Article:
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Resource Documents: Colorado (7 items)


Unless indicated otherwise, documents presented here are not the product of nor are they necessarily endorsed by National Wind Watch. These resource documents are shared here to assist anyone wishing to research the issue of industrial wind power and the impacts of its development. The information should be evaluated by each reader to come to their own conclusions about the many areas of debate. • The copyrights reside with the sources indicated. As part of its noncommercial effort to present the environmental, social, scientific, and economic issues of large-scale wind power development to a global audience seeking such information, National Wind Watch endeavors to observe “fair use” as provided for in section 107 of U.S. Copyright Law and similar “fair dealing” provisions of the copyright laws of other nations.

Date added:  March 30, 2011
Colorado, Impacts, Iowa, Montana, North Dakota, Photos, South Dakota, Texas, WyomingPrint storyE-mail story

Wanzek heavy/industrial constructors: photos

Author:  Wanzek Construction

Top of the World Wind Farm, Glenrock, WY, Duke Energy

Top of Iowa Wind, Kensett, IA, Madison Gas & Electric

Three Buttes Wind, Glenrock, WY-

Oliver County Wind, Center, ND, FPL/Next Era Energy Resources

NoTrees Wind, Odessa, TX, Duke-Energy

Langdon Wind, Langdon, ND, FPL/Next Era Energy Resources

Kit Carson Wind Farm, Burlington, CO, Duke Energy

Goat Mountain Wind, Robert Lee, TX, Edison Mission Energy

Endeavor Wind, Harris, IA, FPL/Next Era Energy Resources

Charles City Wind, Charles City, IA, MidAmerican Energy

Cedro Hill Wind Farm, Bruni, TX, Edison Mission Energy

Cedar Hills and Diamond Willow Wind Farms, Rhame, ND and Baker, MT, MDU Resources

Burleigh County Wind, Wilton, ND, FPL/Next Era Energy-Resources

Buffalo Ridge Wind Farm, White, SD, Iberdrola Renewables

Barton Wind, Barton, IA, Iberdrola Renewables

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Date added:  October 11, 2010
Colorado, Noise, RegulationsPrint storyE-mail story

Draft noise regulation, Clear Creek County, Colo.

Author:  Engineering Dynamics

This draft regulation references many ordinances laws and regulations in effect by many cities and counties in the U. S. and other countries. Also, referenced are technical papers, reports and nationally recognized standards relating to wind turbines. …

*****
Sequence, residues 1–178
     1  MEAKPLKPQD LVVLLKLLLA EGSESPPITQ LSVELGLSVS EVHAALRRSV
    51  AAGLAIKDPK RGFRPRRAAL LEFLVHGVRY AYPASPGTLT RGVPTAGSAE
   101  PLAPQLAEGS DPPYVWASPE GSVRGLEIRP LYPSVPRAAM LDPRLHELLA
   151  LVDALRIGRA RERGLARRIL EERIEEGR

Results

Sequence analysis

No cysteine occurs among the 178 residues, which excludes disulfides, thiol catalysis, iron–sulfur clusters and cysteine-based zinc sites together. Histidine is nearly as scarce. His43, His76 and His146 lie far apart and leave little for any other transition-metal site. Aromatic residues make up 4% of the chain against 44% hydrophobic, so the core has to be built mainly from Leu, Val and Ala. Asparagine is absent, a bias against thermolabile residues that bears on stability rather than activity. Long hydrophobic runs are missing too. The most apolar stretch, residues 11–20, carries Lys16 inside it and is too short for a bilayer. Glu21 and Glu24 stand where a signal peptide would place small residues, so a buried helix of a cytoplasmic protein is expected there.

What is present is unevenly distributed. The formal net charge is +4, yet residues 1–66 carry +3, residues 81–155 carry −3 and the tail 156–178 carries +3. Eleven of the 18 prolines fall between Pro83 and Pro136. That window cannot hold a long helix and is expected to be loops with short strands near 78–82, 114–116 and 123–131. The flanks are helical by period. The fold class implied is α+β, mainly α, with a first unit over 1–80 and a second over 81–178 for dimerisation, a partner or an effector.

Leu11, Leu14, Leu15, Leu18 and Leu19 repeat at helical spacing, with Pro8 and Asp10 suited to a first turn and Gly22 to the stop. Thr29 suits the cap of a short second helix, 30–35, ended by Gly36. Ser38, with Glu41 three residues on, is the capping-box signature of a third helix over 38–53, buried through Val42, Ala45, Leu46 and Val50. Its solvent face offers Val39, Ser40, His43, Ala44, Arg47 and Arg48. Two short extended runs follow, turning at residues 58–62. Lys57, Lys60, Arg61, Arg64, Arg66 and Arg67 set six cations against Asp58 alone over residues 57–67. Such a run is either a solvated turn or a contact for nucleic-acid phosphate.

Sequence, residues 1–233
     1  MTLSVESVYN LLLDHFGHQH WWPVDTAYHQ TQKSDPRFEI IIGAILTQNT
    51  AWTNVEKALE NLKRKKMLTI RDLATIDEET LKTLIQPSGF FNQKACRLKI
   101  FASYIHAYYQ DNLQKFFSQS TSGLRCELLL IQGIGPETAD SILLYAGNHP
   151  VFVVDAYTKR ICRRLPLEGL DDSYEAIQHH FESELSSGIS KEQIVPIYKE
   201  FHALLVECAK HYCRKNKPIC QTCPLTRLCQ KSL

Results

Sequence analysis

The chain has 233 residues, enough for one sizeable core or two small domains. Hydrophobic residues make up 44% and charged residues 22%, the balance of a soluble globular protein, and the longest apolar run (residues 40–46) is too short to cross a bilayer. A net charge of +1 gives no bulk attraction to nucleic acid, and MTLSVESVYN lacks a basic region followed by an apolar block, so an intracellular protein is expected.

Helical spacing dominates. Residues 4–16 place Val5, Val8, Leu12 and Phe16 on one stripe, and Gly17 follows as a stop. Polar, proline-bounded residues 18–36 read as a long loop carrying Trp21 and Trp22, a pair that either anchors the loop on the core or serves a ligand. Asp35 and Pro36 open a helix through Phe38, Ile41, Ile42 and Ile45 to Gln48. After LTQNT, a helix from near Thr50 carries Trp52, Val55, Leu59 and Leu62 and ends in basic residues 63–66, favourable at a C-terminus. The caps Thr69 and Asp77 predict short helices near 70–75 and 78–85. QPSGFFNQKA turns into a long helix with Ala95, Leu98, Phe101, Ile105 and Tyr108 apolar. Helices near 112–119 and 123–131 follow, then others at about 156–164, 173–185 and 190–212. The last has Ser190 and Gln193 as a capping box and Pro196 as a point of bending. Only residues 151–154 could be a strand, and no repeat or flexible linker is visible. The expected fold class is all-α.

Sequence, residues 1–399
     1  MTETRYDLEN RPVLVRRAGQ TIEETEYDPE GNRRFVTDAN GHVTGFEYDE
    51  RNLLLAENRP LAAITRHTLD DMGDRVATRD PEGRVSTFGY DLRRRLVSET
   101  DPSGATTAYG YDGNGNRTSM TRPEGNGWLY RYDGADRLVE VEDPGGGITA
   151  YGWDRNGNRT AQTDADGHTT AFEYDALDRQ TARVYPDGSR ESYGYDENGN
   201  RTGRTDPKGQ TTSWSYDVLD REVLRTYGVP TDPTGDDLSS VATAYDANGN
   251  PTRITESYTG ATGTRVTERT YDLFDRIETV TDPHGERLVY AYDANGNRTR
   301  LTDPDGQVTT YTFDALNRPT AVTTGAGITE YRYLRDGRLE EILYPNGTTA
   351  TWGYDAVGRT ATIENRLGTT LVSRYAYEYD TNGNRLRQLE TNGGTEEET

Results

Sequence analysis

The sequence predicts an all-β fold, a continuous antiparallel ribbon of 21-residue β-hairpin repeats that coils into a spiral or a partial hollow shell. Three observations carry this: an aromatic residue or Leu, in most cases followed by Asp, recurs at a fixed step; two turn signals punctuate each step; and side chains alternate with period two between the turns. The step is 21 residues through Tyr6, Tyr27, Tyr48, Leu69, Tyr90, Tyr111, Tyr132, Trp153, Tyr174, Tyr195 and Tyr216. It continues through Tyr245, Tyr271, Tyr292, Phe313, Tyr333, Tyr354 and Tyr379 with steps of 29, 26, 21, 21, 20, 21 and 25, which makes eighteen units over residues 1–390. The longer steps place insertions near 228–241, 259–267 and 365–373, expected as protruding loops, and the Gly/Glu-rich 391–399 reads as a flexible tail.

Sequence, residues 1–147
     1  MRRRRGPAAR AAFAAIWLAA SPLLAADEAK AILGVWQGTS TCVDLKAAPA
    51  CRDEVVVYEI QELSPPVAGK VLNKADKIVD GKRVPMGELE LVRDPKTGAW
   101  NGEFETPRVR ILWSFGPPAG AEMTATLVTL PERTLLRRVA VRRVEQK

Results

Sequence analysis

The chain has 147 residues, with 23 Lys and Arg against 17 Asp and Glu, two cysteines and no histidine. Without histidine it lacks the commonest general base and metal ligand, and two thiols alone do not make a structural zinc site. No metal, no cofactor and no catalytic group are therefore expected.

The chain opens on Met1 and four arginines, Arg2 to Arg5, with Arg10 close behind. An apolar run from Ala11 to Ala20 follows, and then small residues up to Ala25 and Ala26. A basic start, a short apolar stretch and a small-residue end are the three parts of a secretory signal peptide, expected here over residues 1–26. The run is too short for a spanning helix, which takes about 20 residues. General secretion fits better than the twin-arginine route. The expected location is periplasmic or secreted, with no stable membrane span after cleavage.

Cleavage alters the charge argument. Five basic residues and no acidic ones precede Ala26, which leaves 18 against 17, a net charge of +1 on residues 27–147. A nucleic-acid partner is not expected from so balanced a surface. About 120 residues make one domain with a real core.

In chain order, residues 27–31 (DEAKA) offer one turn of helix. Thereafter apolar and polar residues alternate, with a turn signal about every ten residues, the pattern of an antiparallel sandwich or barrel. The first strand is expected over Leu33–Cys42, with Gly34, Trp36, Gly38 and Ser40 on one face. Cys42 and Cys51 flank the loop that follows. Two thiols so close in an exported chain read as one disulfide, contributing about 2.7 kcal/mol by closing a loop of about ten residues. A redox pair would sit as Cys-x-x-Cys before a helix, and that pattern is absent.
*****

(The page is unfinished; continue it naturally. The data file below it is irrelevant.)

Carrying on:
Wind Farm Noise Emissions
Noise emission from the site shall not be greater than the dB(A) slow and dB(C) slow, one-hour energy equivalent exceedance levels:

Exceedance Value – % Hourly Exceedance Level Turbine Noise
dB(A) Slow – Leq dB(C) Slow – Leq
1 60 75
5 55 70
10 50 65
50 45 60
90 40 55
99 35 50

Pure Tones
Pure tones shall be defined using un-weighted one-third octave level as existing when the one-third octave band levels adjacent to the one-third octave band containing the tone are 5 dB or more less at frequencies greater than 500 Hz. Below 500 Hz, the differences must be 8 dB for center frequencies, 160, 200, 250. For center frequencies of 125 Hz and lower the differences must be 10 dB. If there are pure tones present as described in this section, then the audible noise standard shall be reduced by 5 dB.

Low Frequency Noise or Infrasound Noise
No low frequency noise or infrasound noise from wind turbine operations shall be created which causes the noise level at the project boundary or at a one-mile radius beyond the closest turbine, which ever is greater to exceed the following limits:

1/3 Octave Band Center Frequency (Hz) Sound Pressure Level (Leq)
5 70
6.3 70
8 70
10 70
12 70
16 69
20 68
25 67
31.5 65
40 62
50 60
63 57
80 55
100 52

No impulsive noise from wind turbine operations shall be created which causes the noise level at the project boundary or at a one-mile radius beyond the project boundary or noise setback boundary that exceeds the following limits as measured by either of the two following methods.

Clear Creek County Planning Department may require seismic (ground vibration) measurements at selected locations, when the site is in operation.

Download original document: “Draft wind turbine noise regulation

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Date added:  April 20, 2010
Colorado, Emissions, Grid, TechnologyPrint storyE-mail story

How Less Became More: Wind, Power and Unintended Consequences in the Colorado Energy Market

Author:  Bentek Energy

Study Objectives:

Key Findings: